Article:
It’s more people who aren’t against protest in theory, but will nitpick any actually existing protest for not doing it right (message is offputting, you’re blocking traffic, $15 doesn’t make sense in North Dakota, I saw it on CNN and it was just a bunch of hippie freaks, can’t you keep those Palestinian activists out?, etc.).

      • DAS

        I resemble your remark. My big beef are protests that block traffic and hurt working class people on buses stuck in traffic but don’t inconvenience upper class folks in any way.

        • Veleda_k

          Do upper class people not use use cars?

          • Lost Left Coaster

            They use teleporters. And helicopters.

          • DAS

            Yes. But they tend to live in upper class neighborhoods and hence take different routes to work than working class folks do. Also a car can more easily navigate around a protest than a bus, which has to make specific stops, can.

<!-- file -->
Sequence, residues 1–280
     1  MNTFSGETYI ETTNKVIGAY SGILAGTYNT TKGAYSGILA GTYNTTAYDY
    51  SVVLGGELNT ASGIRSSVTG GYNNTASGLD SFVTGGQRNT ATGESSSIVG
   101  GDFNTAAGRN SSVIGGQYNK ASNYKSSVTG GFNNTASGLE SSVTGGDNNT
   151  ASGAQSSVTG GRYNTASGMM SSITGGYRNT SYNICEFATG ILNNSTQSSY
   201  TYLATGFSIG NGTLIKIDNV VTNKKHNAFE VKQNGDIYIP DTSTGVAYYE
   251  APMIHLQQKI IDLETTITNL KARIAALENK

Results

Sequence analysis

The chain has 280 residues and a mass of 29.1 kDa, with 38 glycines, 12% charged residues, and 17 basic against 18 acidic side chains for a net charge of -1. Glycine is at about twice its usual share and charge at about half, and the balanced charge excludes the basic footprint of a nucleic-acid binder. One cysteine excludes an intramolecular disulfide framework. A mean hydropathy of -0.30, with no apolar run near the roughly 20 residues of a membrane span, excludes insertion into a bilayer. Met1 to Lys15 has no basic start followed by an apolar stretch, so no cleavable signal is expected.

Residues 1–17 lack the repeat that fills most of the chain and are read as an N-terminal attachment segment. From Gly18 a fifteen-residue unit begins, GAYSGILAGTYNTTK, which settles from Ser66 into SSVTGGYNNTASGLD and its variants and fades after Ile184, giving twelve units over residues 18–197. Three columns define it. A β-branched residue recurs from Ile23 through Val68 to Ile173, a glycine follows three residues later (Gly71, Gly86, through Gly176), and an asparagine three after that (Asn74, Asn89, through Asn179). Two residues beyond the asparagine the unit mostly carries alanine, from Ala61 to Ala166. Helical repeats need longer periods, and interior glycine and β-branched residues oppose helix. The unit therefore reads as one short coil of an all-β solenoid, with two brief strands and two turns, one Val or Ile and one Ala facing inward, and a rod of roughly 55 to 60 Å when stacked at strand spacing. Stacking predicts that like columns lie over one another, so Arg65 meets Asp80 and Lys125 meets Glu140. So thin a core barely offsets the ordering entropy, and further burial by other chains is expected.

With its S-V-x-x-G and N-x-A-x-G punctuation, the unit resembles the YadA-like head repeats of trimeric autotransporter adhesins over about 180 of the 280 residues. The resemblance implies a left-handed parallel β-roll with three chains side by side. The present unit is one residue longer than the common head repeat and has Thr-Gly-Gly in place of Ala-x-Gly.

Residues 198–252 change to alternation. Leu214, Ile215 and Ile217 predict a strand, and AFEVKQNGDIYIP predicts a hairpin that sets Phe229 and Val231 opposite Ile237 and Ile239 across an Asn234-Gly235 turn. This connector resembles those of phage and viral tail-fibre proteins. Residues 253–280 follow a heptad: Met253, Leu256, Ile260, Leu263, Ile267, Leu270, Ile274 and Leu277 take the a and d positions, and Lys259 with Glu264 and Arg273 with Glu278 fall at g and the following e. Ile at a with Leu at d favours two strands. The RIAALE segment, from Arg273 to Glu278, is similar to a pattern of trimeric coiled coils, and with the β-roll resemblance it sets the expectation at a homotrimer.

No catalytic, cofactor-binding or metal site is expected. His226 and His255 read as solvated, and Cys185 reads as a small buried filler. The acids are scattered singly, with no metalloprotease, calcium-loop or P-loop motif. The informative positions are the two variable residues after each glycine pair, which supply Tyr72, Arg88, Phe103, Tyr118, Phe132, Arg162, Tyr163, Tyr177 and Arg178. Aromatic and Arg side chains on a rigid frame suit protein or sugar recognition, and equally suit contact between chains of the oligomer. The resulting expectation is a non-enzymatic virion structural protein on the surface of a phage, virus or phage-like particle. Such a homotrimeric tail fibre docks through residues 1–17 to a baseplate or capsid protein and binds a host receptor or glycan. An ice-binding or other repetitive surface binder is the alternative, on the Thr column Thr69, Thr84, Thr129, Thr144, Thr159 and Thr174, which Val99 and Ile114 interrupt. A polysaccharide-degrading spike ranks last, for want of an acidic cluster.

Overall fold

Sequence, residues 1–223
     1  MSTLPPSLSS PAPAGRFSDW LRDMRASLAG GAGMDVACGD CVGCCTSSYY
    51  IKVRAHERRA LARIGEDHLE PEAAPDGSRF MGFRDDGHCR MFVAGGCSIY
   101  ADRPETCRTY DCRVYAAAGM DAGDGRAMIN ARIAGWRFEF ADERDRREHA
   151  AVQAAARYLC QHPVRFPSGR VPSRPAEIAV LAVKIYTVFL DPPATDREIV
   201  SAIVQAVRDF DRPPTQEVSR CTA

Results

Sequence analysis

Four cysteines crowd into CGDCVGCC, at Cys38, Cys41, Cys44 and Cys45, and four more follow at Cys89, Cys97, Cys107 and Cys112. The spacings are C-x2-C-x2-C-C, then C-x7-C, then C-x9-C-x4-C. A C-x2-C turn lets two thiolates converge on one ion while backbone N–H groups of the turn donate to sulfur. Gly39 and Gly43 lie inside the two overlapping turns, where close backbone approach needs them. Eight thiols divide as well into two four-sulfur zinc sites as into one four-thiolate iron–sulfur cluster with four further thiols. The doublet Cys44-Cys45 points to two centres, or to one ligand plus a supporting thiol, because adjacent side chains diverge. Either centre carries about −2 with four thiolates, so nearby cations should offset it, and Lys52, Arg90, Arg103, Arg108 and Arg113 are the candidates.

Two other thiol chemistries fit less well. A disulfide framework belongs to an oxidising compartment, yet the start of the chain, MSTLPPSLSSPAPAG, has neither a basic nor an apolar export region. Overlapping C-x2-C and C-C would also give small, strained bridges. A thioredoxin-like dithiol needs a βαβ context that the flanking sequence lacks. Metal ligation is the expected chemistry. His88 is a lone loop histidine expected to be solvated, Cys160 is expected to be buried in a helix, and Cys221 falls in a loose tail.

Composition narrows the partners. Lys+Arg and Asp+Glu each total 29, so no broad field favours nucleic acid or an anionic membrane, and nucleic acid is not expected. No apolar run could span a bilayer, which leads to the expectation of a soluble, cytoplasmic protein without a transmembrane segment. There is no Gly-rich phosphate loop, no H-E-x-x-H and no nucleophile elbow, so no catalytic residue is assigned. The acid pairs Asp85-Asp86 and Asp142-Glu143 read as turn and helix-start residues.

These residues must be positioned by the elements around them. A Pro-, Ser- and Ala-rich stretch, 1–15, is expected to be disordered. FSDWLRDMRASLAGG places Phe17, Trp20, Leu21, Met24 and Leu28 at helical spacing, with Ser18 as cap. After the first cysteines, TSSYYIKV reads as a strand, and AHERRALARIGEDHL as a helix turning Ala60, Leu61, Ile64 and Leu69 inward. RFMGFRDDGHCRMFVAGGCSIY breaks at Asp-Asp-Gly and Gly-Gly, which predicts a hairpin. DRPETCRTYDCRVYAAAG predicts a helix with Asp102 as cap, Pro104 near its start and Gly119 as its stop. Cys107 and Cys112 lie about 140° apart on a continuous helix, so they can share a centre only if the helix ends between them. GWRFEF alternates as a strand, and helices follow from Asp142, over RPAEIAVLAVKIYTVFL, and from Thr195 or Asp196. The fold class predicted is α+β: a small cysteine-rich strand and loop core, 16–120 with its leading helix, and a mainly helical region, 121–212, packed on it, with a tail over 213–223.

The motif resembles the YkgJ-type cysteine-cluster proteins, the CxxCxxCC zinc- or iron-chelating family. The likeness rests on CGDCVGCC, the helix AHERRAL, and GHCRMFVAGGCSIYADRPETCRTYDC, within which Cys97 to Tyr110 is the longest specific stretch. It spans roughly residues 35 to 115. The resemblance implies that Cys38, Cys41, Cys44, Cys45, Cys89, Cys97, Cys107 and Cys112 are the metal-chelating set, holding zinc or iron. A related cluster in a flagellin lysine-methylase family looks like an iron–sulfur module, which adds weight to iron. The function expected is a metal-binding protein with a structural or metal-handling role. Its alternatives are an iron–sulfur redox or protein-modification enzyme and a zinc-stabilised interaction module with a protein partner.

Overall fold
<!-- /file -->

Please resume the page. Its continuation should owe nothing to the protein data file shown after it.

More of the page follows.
• Veleda_k

              Okay, but taking some different roads (and if you’re downtown, there will be roads everyone needs) and navigating more easily is different “don’t inconvenience upper class folks in any way.”

              • DAS

                OK so I overstated my case. But an upper class person being a couple minutes later to meet his/her spouse for dinner isn’t nearly as much of a problem as a lower class person whose bus is delayed, causing a missed bus transfer and hence said lower class person is an hour late to work/get kid from daycare, resulting in missed work hours or a huge fee, which the working class person can’t afford.

        • Adam Short

          I think a good rule for direct action is you should try really hard not to create collateral disruption. If you create disruption it should as much as possible be the entire point of what you’re doing, not an associated cost of what you’re doing.